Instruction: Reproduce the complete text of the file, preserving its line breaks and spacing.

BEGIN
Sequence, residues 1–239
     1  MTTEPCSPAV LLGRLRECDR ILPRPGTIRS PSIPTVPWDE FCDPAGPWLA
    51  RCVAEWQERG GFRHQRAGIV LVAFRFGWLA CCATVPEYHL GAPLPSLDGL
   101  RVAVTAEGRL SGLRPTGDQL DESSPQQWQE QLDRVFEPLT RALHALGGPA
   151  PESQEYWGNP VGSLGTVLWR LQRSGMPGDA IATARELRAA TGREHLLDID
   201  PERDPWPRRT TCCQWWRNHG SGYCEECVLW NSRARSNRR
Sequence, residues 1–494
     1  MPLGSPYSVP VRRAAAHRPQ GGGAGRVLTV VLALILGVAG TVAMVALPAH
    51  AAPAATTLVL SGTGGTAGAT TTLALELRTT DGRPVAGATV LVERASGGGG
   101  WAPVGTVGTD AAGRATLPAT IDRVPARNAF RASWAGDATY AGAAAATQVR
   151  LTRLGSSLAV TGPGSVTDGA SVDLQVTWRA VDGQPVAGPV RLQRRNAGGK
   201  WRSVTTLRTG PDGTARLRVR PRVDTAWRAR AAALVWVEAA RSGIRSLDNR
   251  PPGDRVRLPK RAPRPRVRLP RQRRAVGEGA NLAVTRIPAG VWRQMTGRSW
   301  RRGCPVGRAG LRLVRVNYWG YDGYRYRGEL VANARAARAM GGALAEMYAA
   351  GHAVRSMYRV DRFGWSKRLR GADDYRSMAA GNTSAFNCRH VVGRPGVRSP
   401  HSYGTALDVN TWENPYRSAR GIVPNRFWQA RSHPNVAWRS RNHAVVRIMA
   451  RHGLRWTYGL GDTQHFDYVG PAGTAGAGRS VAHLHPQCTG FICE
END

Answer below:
Sequence, residues 1–239
     1  MTTEPCSPAV LLGRLRECDR ILPRPGTIRS PSIPTVPWDE FCDPAGPWLA
    51  RCVAEWQERG GFRHQRAGIV LVAFRFGWLA CCATVPEYHL GAPLPSLDGL
   101  RVAVTAEGRL SGLRPTGDQL DESSPQQWQE QLDRVFEPLT RALHALGGPA
   151  PESQEYWGNP VGSLGTVLWR LQRSGMPGDA IATARELRAA TGREHLLDID
   201  PERDPWPRRT TCCQWWRNHG SGYCEECVLW NSRARSNRR
Sequence, residues 1–494
     1  MPLGSPYSVP VRRAAAHRPQ GGGAGRVLTV VLALILGVAG TVAMVALPAH
    51  AAPAATTLVL SGTGGTAGAT TTLALELRTT DGRPVAGATV LVERASGGGG
   101  WAPVGTVGTD AAGRATLPAT IDRVPARNAF RASWAGDATY AGAAAATQVR
   151  LTRLGSSLAV TGPGSVTDGA SVDLQVTWRA VDGQPVAGPV RLQRRNAGGK
   201  WRSVTTLRTG PDGTARLRVR PRVDTAWRAR AAALVWVEAA RSGIRSLDNR
   251  PPGDRVRLPK RAPRPRVRLP RQRRAVGEGA NLAVTRIPAG VWRQMTGRSW
   301  RRGCPVGRAG LRLVRVNYWG YDGYRYRGEL VANARAARAM GGALAEMYAA
   351  GHAVRSMYRV DRFGWSKRLR GADDYRSMAA GNTSAFNCRH VVGRPGVRSP
   401  HSYGTALDVN TWENPYRSAR GIVPNRFWQA RSHPNVAWRS RNHAVVRIMA
   451  RHGLRWTYGL GDTQHFDYVG PAGTAGAGRS VAHLHPQCTG FICE